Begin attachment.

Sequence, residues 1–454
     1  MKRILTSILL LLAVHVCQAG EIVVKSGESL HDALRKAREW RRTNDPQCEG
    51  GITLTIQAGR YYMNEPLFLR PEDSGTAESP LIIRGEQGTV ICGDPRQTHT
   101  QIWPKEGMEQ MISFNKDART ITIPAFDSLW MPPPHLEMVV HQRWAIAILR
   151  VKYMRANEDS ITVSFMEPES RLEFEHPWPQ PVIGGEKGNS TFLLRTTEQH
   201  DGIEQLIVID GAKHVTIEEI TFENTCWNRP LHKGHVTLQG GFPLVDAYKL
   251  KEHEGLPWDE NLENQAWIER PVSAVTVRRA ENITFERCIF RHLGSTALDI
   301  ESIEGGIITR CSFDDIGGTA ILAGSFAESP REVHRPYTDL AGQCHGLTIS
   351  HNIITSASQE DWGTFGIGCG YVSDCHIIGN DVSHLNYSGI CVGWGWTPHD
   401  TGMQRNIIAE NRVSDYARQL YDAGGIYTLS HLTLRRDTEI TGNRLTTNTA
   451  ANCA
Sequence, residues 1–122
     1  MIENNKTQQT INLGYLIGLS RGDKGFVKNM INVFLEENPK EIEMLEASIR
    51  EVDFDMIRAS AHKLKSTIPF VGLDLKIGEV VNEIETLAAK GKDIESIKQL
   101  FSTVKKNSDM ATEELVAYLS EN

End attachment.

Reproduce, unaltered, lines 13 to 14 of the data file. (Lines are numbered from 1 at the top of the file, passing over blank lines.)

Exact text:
     1  MIENNKTQQT INLGYLIGLS RGDKGFVKNM INVFLEENPK EIEMLEASIR
    51  EVDFDMIRAS AHKLKSTIPF VGLDLKIGEV VNEIETLAAK GKDIESIKQL